Association for Gravestone Studies to Meet at Gardner-Webb in June

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International Organization Plans Lectures, Guided Cemetery Tours and Other Activities

The logo for the Association for Gravestone Studies Conference at GWUBOILING SPRINGS, N.C.—The Association for Gravestone Studies (AGS), an international organization that promotes the study of gravestones from historical and artistic perspectives, will hold its annual conference at Gardner-Webb University June 25-30. The event includes lectures, an art exhibit, guided cemetery tours, slide presentations, exhibits, classes, and documentation and conservation workshops.

Dr. June Hobbs, GWU professor of English, director of Undergraduate Research and the Fay Webb Gardner Endowed Chair of Student Success, is a member of the association. She submitted a proposal for GWU to host the event and is helping to coordinate speakers and activities. She and conference co-chair, Dr. William Harding, are expecting nearly 125 people to attend and have received reservations from members in Australia and Canada.

“Members of the association are a diverse group,” Hobbs observed. “We have some artists, art historians, literary people like me, and people who just like all this stuff. The greatest living tombstone scholar is a nurse. She has written a great deal and is very knowledgeable.”

Hobbs became a member of AGS in the 1990s, when she was working on a book about hymns by American women. “I took a tour of Sunset Cemetery in Shelby (N.C.), and the most startling thing to me was standing in front of one of the older stones, I saw a slightly revised version of Fannie Crosby’s ‘Safe in the Arms of Jesus,’” she recalled. “I had an epiphany that the culture I was studying via hymns was also the culture of the graveyards.”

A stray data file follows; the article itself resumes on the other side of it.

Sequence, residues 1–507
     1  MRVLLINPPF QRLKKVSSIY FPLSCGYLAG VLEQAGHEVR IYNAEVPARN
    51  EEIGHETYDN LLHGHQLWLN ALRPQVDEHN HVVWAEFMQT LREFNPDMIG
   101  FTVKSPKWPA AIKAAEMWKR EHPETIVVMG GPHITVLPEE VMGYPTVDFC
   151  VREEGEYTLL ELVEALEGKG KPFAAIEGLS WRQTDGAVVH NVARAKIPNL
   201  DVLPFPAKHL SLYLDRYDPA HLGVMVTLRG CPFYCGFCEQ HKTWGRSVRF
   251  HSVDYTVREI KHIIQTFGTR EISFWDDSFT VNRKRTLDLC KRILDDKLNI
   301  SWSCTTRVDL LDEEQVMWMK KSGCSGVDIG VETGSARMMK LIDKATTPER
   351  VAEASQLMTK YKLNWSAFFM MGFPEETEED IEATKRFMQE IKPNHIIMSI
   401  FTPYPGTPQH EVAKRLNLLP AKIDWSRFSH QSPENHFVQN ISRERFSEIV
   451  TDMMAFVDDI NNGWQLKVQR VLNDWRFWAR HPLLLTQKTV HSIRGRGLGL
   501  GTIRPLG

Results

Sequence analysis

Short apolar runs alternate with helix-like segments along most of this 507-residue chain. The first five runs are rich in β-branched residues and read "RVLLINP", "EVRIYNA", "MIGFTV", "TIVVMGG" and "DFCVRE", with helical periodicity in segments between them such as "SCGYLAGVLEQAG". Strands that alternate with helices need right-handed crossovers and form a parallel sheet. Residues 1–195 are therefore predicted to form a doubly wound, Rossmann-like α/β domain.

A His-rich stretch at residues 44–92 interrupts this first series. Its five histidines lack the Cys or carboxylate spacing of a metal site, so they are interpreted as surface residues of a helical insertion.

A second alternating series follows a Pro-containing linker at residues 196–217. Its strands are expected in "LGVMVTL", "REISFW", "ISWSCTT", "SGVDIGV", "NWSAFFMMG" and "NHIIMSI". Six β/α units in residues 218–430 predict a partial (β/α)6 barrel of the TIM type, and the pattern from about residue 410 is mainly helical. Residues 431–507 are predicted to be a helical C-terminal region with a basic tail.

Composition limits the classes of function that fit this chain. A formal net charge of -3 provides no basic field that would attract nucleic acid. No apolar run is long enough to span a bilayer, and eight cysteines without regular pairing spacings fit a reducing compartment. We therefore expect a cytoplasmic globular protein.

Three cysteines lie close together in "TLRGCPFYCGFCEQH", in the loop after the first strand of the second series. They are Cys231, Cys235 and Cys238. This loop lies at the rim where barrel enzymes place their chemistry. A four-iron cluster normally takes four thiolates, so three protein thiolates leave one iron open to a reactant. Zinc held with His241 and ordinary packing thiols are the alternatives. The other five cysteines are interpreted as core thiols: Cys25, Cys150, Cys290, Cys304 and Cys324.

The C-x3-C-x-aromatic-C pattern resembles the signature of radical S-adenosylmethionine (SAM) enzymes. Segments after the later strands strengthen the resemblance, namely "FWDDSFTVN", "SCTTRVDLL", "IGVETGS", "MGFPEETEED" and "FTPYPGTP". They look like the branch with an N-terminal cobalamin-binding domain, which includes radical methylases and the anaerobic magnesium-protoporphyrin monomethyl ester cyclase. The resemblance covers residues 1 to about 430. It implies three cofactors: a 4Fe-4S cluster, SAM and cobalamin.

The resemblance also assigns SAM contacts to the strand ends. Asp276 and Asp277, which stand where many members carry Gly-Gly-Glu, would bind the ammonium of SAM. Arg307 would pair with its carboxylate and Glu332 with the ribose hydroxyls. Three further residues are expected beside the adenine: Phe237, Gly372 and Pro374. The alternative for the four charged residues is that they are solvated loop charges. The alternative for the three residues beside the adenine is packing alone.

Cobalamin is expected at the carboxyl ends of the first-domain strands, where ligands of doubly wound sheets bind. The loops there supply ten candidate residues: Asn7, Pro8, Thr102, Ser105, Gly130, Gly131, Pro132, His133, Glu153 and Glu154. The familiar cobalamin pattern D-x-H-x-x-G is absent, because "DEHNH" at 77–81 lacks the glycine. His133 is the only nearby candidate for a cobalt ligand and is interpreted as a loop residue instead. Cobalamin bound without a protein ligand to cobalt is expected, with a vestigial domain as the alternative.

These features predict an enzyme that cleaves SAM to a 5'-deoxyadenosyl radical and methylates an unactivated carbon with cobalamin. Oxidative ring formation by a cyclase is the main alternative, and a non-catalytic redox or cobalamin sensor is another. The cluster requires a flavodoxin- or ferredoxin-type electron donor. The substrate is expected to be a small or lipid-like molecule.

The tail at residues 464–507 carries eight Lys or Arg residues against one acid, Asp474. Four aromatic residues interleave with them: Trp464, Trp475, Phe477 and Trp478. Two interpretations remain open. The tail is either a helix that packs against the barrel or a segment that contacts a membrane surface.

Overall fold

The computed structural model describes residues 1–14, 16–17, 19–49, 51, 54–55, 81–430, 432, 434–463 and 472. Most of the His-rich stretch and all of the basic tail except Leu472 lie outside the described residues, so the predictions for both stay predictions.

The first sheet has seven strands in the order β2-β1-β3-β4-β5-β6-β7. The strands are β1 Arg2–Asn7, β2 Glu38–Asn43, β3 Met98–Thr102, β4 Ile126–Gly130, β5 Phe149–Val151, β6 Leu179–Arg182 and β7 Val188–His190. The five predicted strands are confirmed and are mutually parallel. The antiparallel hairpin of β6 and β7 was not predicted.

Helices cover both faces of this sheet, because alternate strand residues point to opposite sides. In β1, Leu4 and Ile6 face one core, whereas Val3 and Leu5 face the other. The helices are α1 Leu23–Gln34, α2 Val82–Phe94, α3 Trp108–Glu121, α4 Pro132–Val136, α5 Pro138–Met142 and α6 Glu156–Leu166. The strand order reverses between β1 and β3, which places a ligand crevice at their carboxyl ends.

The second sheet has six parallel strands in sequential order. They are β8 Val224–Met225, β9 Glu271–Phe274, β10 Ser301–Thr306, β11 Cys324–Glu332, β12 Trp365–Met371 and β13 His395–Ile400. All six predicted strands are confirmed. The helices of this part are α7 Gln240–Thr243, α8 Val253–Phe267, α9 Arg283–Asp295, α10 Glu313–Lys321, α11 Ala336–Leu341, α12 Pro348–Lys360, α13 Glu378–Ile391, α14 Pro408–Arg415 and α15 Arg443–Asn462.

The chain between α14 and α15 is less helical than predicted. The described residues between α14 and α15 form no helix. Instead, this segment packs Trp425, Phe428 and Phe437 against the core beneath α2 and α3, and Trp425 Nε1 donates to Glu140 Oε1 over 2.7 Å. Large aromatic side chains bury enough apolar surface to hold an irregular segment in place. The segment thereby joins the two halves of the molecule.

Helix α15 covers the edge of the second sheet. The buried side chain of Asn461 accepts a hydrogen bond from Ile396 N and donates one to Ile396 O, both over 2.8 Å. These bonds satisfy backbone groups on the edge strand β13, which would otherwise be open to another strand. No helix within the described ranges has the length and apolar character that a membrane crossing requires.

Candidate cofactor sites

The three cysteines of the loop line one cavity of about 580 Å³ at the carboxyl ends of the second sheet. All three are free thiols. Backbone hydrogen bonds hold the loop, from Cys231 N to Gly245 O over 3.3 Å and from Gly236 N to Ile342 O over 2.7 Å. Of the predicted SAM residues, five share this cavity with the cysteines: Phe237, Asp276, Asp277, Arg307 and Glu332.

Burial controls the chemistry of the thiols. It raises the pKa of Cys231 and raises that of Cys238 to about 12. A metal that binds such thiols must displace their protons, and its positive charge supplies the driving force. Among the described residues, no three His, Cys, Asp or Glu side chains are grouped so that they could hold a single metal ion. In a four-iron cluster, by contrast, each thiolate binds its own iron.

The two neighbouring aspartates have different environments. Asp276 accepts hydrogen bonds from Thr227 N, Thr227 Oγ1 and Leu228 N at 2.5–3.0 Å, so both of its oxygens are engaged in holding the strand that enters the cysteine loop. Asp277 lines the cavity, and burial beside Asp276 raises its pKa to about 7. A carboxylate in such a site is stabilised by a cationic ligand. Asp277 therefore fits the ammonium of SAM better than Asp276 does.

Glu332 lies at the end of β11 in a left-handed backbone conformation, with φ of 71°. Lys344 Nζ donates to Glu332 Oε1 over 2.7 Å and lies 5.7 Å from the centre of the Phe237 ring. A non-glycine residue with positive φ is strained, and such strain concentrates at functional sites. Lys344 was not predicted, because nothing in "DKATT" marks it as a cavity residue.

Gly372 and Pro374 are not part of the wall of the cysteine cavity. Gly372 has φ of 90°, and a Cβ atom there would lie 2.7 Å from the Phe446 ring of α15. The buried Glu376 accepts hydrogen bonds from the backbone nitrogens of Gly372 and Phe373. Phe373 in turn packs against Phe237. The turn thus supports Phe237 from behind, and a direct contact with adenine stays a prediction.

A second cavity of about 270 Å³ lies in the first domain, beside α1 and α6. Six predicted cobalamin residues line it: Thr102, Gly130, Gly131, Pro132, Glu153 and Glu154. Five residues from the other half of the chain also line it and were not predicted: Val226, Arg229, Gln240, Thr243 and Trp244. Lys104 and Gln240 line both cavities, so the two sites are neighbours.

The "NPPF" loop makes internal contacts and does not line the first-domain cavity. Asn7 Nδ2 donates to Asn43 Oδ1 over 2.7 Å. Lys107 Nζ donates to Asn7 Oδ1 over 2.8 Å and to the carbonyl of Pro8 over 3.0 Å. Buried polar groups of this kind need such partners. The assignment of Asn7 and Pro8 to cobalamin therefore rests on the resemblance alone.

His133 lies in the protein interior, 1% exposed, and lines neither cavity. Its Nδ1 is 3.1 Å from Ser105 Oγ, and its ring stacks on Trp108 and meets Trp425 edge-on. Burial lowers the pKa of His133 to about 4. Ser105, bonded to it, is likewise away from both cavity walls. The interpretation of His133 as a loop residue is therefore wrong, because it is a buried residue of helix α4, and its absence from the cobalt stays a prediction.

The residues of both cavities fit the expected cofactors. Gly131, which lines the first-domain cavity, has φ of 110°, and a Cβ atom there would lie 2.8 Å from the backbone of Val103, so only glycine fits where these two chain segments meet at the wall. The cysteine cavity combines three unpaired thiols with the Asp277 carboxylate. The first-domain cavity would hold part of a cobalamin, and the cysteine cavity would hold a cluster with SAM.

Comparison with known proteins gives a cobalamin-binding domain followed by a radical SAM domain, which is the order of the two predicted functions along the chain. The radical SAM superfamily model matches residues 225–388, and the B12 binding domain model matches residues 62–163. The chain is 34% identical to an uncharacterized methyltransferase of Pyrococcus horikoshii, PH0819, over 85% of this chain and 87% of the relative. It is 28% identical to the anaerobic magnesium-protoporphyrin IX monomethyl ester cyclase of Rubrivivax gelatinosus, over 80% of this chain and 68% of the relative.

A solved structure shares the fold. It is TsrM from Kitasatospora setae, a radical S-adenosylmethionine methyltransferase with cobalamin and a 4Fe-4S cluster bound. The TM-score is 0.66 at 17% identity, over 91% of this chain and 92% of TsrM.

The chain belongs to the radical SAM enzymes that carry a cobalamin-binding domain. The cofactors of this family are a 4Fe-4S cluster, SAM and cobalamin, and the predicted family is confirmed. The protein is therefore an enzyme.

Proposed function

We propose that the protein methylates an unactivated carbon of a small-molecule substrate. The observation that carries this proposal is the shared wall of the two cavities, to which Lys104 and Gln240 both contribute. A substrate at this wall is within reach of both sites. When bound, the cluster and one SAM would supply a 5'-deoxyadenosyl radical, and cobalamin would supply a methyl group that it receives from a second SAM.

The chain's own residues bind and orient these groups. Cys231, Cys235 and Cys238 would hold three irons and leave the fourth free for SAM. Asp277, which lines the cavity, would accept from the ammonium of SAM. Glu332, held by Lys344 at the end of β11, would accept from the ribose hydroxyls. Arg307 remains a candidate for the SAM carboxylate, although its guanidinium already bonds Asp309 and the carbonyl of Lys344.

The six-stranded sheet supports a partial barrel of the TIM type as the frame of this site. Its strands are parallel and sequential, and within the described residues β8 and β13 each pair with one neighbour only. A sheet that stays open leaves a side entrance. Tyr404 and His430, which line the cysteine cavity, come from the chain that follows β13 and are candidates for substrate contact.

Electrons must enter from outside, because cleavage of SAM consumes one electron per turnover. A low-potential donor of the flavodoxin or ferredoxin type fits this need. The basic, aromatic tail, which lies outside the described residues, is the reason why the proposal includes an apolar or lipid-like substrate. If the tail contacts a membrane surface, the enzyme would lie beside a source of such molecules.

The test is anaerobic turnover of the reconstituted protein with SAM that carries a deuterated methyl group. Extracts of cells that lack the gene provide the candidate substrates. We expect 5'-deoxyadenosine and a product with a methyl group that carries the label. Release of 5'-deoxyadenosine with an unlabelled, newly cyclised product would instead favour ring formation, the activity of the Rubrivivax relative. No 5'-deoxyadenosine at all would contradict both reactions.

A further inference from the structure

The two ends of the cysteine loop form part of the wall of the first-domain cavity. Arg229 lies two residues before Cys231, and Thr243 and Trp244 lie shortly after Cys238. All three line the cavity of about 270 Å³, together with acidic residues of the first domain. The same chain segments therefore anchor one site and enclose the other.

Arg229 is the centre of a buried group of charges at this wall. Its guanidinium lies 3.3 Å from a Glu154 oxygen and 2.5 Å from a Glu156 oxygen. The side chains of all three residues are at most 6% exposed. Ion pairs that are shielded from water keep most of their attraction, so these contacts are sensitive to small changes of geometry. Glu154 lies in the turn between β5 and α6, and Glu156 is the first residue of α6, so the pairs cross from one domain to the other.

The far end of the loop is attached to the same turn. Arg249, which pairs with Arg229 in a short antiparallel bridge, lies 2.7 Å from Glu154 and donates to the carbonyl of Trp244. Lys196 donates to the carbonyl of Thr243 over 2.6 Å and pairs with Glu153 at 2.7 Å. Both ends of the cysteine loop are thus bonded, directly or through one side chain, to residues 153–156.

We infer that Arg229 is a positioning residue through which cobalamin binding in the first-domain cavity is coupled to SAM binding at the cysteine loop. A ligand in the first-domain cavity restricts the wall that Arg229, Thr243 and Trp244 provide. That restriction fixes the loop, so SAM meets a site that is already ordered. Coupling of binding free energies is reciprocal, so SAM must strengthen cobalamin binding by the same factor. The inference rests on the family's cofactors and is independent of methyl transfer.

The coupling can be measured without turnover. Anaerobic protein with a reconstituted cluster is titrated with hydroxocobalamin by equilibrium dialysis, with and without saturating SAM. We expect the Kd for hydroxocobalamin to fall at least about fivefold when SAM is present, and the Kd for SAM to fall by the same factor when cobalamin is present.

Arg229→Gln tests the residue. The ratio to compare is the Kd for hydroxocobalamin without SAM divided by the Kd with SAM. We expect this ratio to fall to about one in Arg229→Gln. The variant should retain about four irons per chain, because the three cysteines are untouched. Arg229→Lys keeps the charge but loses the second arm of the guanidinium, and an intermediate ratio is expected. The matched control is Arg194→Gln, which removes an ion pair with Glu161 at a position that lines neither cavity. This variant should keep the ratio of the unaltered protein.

She searched the internet for cemetery studies and found the AGS website. “I sent in a proposal for a paper and went to my first conference and made the best friends of my life,” Hobbs shared.

A photo of a gravestone that shows football player Timothy Hardie
Timothy Hardie, a GWU football alumnus, is buried in Sunset Cemetery in Shelby, N.C.

She is a past member of the AGS Board of Trustees and served as editor of “Markers: The Annual Journal of the Association for Gravestone Studies” for eight years. In 2017, she received the AGS Harriette Merrifield Forbes Award, presented annually to an individual for exceptional service to the field of gravestone studies.

Highlights of the AGS Conference at GWU include tours to Oakdale Cemetery in Hendersonville, N.C., and Riverside Cemetery in Asheville, N.C. Oakdale features the angel that inspired the title for Thomas Wolfe’s book, “Look Homeward Angel.” Wolfe’s father was a stone carver, and Riverside has 16 of his carved stones that are signed. The Wolfe family is buried there, and it’s also the resting place of O. Henry.

Tours are also planned to Steele Creek and Elmwood cemeteries in Charlotte, N.C., and to Sunset Cemetery. Participants also have the option of attending a conservation workshop to repair stones at Sunset Cemetery.

Dr. Joyce Brown, GWU professor emerita of English, is the keynote speaker. Lectures throughout the week will explore the symbolism of gravestone carvings, tales about gravesites, and other historical topics. An art exhibit on cemetery imagery, a first for the conference, will be on display. Featured are the works of Anne Tait, a printmaker, painter and stone carver, and Lynne Baggett, a photographer and graphic designer.

A photo of a gravemarker that has shapenotes inscribed on it along with the name of the deceased
This gravestone, located in Oakdale Cemetery in Hendersonville, N.C., is inscribed with shape-note music.

Conference registration is open to the public, and participants may register for part or all of the event. The afternoon and evening lectures are free to attend and will be held in Tucker Student Center. The full schedule and more information is available at Registration deadline is May 25.

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